The ships clashed in the Battle of the Atlantic in 1942 and were lost for more than seven decades in an area known as the Graveyard of the Atlantic.
Researchers led by the US National Oceanic and Atmospheric Administration's Office of National Marine Sanctuaries discovered the vessels about 48 kilometres from shore.
“Most people associate the Battle of the Atlantic with the cold, icy waters of the North Atlantic,” NOAA official David Alberg said, “but few people realize how close the war actually came to America's shores.”
The discovery of the German U-boat 576 and the freighter Bluefields offers "a rare window into a historic military battle and the underwater battlefield landscape of WWII," NOAA said.
The ships were found 240 metres apart.
They battled on July 15th, 1942 when a convoy of merchant ships being escorted from Norfolk, Virginia to Florida was attacked by the German submarine.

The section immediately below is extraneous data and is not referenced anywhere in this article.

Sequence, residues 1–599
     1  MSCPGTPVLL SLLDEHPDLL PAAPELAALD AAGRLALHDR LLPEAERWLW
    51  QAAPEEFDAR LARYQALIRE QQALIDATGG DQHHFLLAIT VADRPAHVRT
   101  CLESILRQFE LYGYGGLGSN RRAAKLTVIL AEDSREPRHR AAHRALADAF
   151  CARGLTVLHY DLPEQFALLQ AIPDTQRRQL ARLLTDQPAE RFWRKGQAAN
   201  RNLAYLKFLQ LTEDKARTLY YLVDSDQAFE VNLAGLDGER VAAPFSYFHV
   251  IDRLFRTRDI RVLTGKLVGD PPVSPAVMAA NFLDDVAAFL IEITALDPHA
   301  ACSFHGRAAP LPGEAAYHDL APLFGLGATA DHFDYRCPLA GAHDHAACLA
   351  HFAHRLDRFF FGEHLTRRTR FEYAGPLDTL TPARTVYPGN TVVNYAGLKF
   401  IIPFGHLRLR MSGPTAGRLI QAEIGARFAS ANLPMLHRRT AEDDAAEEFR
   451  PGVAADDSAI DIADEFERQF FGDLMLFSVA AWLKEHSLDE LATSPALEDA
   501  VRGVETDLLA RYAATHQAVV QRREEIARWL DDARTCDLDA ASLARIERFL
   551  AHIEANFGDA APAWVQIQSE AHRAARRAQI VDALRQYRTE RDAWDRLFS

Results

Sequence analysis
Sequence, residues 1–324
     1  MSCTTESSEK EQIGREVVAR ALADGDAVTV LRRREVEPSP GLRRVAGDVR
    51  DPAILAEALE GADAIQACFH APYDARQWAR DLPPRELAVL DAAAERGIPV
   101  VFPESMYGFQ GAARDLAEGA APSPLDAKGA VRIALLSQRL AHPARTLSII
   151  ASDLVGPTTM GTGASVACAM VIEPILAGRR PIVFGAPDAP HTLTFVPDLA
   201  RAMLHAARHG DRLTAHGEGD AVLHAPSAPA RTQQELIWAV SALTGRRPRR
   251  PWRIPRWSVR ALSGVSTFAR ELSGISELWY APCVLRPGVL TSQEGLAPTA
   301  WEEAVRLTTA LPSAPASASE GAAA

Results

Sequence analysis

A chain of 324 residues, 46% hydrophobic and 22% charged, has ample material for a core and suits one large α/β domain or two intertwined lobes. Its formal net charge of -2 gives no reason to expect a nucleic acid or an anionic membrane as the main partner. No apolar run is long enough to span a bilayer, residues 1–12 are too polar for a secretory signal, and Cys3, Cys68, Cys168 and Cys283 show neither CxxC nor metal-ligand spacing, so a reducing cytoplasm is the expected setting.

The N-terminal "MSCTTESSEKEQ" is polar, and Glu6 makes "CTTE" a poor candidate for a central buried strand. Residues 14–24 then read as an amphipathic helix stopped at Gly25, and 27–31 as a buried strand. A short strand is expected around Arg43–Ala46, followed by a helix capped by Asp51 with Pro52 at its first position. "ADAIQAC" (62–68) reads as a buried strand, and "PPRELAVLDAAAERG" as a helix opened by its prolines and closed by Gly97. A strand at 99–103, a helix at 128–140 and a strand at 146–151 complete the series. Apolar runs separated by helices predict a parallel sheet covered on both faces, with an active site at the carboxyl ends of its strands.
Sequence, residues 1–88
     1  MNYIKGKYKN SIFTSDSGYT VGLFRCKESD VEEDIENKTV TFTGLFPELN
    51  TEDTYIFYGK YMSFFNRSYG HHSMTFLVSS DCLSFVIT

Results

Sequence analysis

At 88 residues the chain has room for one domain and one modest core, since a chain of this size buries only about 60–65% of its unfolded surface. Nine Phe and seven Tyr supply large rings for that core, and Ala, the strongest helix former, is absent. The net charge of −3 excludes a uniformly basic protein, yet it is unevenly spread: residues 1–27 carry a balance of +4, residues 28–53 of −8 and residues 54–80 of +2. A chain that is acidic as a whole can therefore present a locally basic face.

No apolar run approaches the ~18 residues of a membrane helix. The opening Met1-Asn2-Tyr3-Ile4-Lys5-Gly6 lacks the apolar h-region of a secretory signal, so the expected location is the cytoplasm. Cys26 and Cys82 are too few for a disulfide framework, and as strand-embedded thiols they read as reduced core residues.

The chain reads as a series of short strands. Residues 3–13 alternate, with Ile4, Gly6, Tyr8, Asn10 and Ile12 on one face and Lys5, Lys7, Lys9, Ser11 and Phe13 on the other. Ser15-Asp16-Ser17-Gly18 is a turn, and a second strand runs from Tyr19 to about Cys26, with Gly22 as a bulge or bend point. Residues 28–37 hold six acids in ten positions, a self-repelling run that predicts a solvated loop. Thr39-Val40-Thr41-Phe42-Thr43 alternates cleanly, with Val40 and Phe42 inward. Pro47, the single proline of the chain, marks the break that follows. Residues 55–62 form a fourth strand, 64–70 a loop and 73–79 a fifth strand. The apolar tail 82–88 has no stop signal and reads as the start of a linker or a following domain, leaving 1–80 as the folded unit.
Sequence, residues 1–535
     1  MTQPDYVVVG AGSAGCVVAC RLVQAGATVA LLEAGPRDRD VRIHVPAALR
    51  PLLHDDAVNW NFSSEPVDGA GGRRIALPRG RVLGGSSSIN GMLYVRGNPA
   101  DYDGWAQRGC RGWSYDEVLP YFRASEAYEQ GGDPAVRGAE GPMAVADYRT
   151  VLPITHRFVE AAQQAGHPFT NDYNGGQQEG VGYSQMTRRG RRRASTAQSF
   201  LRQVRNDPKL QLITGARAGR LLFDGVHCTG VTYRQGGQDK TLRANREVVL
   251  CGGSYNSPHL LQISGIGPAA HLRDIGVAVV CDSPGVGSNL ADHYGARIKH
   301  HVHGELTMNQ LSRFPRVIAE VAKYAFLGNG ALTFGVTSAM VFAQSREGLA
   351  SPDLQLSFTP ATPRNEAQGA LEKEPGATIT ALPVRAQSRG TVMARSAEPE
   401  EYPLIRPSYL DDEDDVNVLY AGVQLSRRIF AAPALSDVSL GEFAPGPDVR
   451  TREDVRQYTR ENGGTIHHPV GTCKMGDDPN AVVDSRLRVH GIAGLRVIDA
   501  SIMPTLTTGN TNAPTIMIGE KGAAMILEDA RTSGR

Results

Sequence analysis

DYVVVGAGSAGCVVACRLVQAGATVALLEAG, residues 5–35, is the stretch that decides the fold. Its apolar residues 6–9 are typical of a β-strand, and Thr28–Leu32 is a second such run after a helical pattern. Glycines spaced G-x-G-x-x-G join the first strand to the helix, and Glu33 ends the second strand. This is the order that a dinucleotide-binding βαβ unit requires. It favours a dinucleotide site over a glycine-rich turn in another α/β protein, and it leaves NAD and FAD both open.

"The U-576 sank the Nicaraguan-flagged freighter Bluefields and severely damaged two other ships," NOAA said.
"In response, US Navy Kingfisher aircraft, which provided the convoy's air cover, bombed U-576 while the merchant ship Unicoi attacked it with its deck gun."
Both ships were lost within minutes and sank to the seabed, but only one, the German boat, suffered casualties, 45 in all.
The wreck site is considered a war grave for the German crew and is protected under international law.
"The Federal Republic of Germany is not interested in a recovery of the remnants of the U-576 and will not participate in any such project," the German Foreign Office said in a statement.
"They are under special protection and should, if possible, remain at their site and location to allow the dead to rest in peace."
The shipwreck was found in August by archaeologists aboard an NOAA research vessel.